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Vehicular Networks : Models and Algorithms

Andre-Luc Beylot (Editor), Houda Labiod (Editor)
ISBN: 978-1-84821-489-7
304 pages
June 2013, Wiley-ISTE
Vehicular Networks : Models and Algorithms (1848214898) cover image

Description

Over the last few years vehicular networks have been receiving a lot of attention from academia, industry, standardization bodies, and the various transportation agencies and departments of many governments around the world. It is envisaged in the next decade that the Intelligent Transportation System (ITS) will become an essential part of our daily life. This book describes models and/or algorithms designed to investigate evolutionary solutions to overcome important issues such as congestion control, routing, clustering, interconnection with long-term evolution (LTE) and LTE advanced cellular networks, traffic signal control and analysis of performances through simulation tools and the generation of vehicular mobility traces for network simulations.
It provides an up-to-date progress report on the most significant contributions carried out by the specialized research community in the various fields concerned, in terms of models and algorithms. The proposals and new directions explored by the authors are highly original, and a rather descriptive method has been chosen, which aims at drawing up complete states of the art as well as providing an overall presentation of the personal contributions brought by the authors and clearly illustrating the advantages and limitations as well as issues for future work.

Contents

1. Introduction
2. Congestion Control for Safety Vehicular Ad-Hoc Networks
3. Inter-Vehicle Communication for the Next Generation of Intelligent Transport System: Trends in Geographic Ad Hoc Routing Techniques
4. CONVOY: A New Cluster-Based Routing Protocol for Vehicular Networks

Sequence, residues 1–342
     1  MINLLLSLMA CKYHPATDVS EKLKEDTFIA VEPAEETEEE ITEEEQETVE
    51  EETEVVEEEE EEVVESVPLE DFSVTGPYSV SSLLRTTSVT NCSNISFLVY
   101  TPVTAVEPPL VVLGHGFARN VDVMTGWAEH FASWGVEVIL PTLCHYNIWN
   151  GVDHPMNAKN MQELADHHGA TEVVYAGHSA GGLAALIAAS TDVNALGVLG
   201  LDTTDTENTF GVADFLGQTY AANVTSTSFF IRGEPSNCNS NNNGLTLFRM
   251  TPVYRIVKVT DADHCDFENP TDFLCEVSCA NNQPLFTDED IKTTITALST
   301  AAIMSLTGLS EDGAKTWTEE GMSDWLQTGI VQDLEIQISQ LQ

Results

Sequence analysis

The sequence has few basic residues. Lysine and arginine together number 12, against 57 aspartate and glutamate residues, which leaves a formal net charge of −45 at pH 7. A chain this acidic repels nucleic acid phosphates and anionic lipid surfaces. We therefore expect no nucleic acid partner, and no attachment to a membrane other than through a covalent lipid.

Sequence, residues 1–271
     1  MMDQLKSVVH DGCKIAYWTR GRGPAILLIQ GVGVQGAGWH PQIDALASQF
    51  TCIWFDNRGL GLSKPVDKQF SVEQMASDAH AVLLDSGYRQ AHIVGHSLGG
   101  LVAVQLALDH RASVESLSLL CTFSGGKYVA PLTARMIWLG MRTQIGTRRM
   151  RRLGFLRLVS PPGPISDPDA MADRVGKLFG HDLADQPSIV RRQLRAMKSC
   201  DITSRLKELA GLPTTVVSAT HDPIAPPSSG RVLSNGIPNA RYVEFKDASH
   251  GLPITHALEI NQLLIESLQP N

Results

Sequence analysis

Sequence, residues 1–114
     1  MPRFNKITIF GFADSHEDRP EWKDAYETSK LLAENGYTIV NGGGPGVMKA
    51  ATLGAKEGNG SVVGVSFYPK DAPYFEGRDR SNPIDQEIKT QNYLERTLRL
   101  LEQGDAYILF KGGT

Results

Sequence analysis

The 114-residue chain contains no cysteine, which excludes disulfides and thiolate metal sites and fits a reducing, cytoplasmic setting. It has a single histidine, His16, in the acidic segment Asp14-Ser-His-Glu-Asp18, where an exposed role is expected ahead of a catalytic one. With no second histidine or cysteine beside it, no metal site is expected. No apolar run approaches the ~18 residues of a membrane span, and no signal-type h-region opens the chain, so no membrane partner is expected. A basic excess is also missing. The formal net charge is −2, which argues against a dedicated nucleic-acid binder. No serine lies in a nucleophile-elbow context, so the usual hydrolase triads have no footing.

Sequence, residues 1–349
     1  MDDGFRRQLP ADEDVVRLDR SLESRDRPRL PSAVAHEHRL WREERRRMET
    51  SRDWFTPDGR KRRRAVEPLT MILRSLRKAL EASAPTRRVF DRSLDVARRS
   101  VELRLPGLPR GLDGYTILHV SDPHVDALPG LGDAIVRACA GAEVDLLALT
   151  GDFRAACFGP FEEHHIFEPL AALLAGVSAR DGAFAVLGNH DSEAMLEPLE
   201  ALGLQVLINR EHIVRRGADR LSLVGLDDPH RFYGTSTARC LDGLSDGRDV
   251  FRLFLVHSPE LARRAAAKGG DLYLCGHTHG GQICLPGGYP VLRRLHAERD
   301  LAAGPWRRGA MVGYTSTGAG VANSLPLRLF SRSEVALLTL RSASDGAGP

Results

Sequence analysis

5. Complementarity between Vehicular Networks and LTE Networks
6. Gateway Selection Algorithms in a Hybrid VANET-LTE Advanced Network
7. Synthetic Mobility Traces for Vehicular Networking
8. Traffic Signal Control Systems and Car-to-Car Communications

About the Authors

André-Luc Beylot is Professor in the Telecommunication and Network Department of the ENSEEIHT of IRIT-T, University of Toulouse in France.
Houda Labiod is Associate Professor at Telecom ParisTech in the INFRES (Computer Science and Network) Department, France.

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Table of Contents

Introduction xi
Houda LABIOD and André-Luc BEYLOT

Chapter 1. Congestion Control for Safety Vehicular Ad Hoc Networks 1
Razvan STANICA, Emmanuel CHAPUT and André-Luc BEYLOT

1.1. Introduction 1

1.2. Beaconing frequency 5

1.3. Data rate 7

1.4. Transmission power 10

1.5. Minimum contention window 12

1.6. Physical carrier sense 25

1.7. Conclusion 31

1.8. Bibliography 32

Chapter 2. Inter-Vehicle Communication for the Next Generation of Intelligent Transport Systems: Trends in Geographic Ad Hoc Routing Techniques 39
Xunxing DIAO, Kun-Mean MOU, Jian-Jin LI and Haiying ZHOU

2.1. Introduction 39

2.2. IVC-relating ITS projects 42

2.3. Wireless sublayer techniques 45

2.3.1. WLAN and WPAN (up to 300 m) 45

2.3.2. Dedicated short-range communication (up to 1 km) 47

2.3.3. Cellular networks (more than 1 km) 49

2.3.4. Comparison 50

2.4. Geographic routing techniques for VANET 52

2.4.1. Features of VANET 52

2.4.2. Localization 54

2.4.3. Unicast greedy routing 62

2.4.4. Geocast (multicast) routing 72

2.4.5. Delay tolerant network-based routing 75

2.4.6. Map-based routing 79

2.5. Conclusion and open issues 79

2.6. Acknowledgments 81

2.7. Bibliography 81

Chapter 3. CONVOY: A New Cluster-Based Routing Protocol for Vehicular Networks 91
Véronique VÈQUE, Florent KAISSER, Colette JOHNEN and Anthony BUSSON

3.1. Introduction 91

3.2. Clustering or network partitioning 94

3.2.1. General remarks on the partitioning of mobile ad hoc networks 94